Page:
Mainly a residential city, the Kenny neighborhood, park, and school were named after Sister Elizabeth Kenny, an Australian nurse who developed the Kenny Method for treating Polio. She was the first to suggest a moving treatment for those with Polio. Instead of resting, she thought that they should still retain their exercise, and therefore was the uncredited woman for inventing physical therapy. The Kenny Neighborhood has a population of about 3,500. Everything in Kenny is close, making it advantageous to walk or bike around the area. The neighborhood is also very modern and has a wide range of businesses, schools, and of course, the hidden gem: Grass Lake. Whether you’re looking for an intimate area or larger houses built in the 1940s, Kenny could be the right fit for you.
In the 1950s, there was a large section of field owned by the Bachman Family. The family then switched their plant nursery location to another city, and thus, the field became what’s known today as Kenny Park. Not only does Kenny have Grass Lake and Kenny Park, it also features some of the largest homes in the Southwest area, having been constructed in the 1930s-50s. Most of the houses are Bungalow style, but there are also plenty of 2 story homes made of brick, stucco, and or metal.
Green / Environmental
In 2013, Minneapolis adopted their Climate Action Plan, which put into place a comprehensive set of emission reduction strategies. These strategies cover 3 areas: Buildings and energy, Transportation and land use, Waste and recycling.
For buildings and energy, the goal is to reduce energy usage by 17%, and generate 10% of electricity from local, renewable sources. On the residential building side of things, Minneapolis is proposing a "home energy audit" as part of the Truth In Housing program (TIH or TISH, Truth In Sale of Housing). This would require sellers to have an energy score when listing their house for sale. They are proposing that the TISH inspectors be trained to perform this component of the inspection process. The end result of this energy score would be a single number, for example 37 on a scale of 1 to 100. 100 would mean that the house would have virtually no energy costs.
Another part of this program is to make incentives for sellers to improve their homes energy-wise so that they can get a higher sale price due to energy efficiencies. If they don't, the buyers will at least have some knowledge about the energy efficiency of the house, making it an incentive to them to improve the house energy-wise.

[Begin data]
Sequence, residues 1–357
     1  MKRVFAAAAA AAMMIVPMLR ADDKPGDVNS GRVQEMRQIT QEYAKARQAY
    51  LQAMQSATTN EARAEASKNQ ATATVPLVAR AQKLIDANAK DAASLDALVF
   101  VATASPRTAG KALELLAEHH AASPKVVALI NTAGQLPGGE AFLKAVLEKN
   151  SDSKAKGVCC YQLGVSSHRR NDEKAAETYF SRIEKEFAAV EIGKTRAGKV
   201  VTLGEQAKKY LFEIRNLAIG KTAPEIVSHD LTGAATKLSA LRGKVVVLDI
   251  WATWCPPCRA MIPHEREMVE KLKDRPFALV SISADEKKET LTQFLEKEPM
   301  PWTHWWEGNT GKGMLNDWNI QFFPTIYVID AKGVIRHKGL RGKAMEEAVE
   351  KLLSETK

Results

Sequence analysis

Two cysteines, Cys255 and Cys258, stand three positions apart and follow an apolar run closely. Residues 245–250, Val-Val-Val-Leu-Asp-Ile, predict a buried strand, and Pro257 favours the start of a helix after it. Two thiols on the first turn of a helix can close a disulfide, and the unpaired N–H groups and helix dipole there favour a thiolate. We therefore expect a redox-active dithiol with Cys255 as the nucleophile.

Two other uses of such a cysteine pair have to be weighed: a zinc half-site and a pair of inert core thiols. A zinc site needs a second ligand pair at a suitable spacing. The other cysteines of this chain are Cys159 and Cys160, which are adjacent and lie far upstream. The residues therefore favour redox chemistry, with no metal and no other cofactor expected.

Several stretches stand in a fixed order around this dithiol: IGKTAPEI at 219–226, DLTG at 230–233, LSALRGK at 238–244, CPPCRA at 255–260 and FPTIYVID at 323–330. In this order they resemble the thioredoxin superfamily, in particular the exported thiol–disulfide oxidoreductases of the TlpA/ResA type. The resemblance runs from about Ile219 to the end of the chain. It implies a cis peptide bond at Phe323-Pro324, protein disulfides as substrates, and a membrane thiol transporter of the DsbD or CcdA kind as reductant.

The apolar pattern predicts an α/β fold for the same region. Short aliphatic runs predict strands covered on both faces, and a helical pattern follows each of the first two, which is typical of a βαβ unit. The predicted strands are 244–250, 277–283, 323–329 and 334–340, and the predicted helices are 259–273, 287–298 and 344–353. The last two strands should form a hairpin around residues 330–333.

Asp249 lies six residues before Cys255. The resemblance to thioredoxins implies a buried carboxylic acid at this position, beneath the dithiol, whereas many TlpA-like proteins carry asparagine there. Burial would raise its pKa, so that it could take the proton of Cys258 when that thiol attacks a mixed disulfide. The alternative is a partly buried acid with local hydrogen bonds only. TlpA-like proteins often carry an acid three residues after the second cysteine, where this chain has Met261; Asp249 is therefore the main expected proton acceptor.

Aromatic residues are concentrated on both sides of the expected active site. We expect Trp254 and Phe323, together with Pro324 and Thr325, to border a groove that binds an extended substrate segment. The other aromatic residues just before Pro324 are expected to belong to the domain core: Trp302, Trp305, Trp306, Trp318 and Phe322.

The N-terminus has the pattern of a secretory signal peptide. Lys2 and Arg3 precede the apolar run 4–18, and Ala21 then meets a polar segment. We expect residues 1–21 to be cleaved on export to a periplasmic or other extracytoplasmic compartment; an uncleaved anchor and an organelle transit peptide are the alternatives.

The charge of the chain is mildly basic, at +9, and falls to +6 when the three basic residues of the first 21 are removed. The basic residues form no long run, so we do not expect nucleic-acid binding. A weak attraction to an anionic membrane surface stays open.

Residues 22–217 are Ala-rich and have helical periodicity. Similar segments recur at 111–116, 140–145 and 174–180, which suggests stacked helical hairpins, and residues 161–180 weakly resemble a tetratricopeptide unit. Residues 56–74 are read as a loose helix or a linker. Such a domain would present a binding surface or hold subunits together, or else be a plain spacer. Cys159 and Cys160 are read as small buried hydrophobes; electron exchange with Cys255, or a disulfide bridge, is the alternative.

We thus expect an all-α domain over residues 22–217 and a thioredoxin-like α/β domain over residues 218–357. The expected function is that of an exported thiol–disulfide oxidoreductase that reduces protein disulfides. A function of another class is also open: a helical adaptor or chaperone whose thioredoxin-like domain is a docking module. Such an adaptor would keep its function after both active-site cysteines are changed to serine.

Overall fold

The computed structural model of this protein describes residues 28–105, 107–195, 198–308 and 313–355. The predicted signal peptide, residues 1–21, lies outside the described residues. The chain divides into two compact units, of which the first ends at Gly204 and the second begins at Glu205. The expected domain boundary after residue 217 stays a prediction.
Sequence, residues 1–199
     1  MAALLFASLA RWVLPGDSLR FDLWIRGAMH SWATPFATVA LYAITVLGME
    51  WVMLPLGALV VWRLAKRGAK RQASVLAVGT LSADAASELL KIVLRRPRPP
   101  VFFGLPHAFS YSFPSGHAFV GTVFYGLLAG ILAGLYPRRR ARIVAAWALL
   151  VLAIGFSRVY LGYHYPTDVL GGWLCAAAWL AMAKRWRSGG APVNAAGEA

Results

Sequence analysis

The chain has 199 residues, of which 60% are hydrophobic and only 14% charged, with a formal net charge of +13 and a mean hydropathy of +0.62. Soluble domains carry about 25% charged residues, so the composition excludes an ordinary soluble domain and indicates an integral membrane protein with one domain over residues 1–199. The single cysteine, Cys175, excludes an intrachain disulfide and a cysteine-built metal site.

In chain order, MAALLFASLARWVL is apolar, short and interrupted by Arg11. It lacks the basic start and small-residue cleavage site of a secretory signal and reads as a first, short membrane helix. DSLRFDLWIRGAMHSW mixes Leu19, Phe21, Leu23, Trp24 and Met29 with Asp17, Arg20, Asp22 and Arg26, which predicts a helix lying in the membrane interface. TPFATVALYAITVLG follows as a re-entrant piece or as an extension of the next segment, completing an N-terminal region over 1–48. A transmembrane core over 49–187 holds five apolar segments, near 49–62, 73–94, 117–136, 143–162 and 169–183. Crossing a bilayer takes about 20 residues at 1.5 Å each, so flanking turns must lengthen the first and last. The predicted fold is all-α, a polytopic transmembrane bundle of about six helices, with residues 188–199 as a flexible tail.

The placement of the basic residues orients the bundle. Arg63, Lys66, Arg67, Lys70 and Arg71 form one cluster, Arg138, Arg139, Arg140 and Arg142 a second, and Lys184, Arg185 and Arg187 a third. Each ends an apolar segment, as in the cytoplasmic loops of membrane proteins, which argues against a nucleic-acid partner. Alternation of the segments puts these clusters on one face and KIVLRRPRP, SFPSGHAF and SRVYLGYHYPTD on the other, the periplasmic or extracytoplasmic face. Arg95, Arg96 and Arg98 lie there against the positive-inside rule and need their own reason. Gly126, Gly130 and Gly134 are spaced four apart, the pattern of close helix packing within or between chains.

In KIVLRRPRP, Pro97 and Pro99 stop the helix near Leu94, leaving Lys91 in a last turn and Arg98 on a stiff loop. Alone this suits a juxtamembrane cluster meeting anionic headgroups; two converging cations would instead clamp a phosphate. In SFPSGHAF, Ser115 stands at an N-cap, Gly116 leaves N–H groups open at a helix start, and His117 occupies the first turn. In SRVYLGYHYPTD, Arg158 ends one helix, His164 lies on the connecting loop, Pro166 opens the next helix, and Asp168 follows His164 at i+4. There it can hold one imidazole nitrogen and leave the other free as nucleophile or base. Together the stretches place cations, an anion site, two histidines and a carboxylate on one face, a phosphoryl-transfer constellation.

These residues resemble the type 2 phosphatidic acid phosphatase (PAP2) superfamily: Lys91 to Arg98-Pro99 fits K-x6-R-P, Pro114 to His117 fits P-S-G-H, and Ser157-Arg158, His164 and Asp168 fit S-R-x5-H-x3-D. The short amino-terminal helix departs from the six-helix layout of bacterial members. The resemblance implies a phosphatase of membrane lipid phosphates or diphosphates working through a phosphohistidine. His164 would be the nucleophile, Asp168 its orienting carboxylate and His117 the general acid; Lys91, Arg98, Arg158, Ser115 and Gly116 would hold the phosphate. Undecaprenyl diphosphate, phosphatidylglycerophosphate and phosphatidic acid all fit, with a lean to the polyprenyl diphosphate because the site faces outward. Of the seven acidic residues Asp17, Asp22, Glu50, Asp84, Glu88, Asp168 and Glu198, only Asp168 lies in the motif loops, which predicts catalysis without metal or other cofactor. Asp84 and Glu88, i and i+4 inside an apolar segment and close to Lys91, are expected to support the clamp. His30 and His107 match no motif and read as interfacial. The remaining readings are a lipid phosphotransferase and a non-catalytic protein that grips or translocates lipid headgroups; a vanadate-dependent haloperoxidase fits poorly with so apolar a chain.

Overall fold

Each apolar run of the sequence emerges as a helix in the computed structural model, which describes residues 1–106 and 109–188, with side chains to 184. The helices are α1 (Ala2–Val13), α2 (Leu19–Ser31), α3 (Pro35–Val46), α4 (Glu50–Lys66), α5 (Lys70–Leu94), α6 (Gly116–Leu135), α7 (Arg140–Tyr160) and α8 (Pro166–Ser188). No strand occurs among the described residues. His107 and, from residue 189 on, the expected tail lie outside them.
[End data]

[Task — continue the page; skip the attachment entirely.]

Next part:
Also on the residential side of things, Minneapolis is proposing a "time of rent" energy disclosure for renters. Renters currently have no way of knowing how much their utility bills will be before renting a unit. The disclosure would be mandated so that renters could compare units on energy efficiency. This would give incentives to the landlord (owners) to improve their buildings to make them more attractive to the rental market.
On the commercial side of things, some of them already have to do an energy score of sorts and disclose to purchasers. Minneapolis would like to extend that to all commercial buildings. They also have an Energy Reduction Challenge called the "Kilowatt Crackdown" to encourage commercial buildings to reduce usage.
For renewable energy, Minneapolis is trying to create policies that promote renewable energy, develop a "solar-ready" certification, and encourage "net-zero" buildings.
Making a building "solar-ready" adds virtually no cost at the time of construction, and would potentially have some value to purchasers. This would involve adding some structural supports and electrical conduit so that solar could be installed without adding structural support to the roof trusses, and/or digging in walls to add conduit. Both of these items can be added at a very low cost when in the construction phase.
What is a net-zero building? Basically net-zero means the building (or house) would generate all the energy it needs to power the building itself. This generally means that the building is super insulated so that it requires less energy to heat and cool the building, as well as solar panels to generate the energy it needs. Oftentimes this type of building uses geo-thermal heat pumps to heat and cool the building, running off solar energy. You can read more about "Net-Zero" buildings at this link.
You can read the entire action plan at the link below. Minneapolis Climate Action Plan:
If you are wanting to search for homes, or list your home for sale, click on the links below.
Market Trends in Kenny MN
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Grass Lake - (, , website) Grass Lake isn’t officially a park, but it’s still a great place to get some exercise. Bike or walk around the lake and enjoy tons of trees and peaceful nature scenery.
Kenny Park - (1328 W 58th St, 612-370-4901, website) Although Kenny only has one park, Kenny Park, it is generously spacious (with 9.23 acres of land) and entertainment-filled. Kenny Park is named after Sister Elizabeth Kenny. The park itself offers baseball, soccer, and softball fields; basketball and tennis courts; an ice skating rink, picnic area, play ground, hockey rink, and a wading pool.
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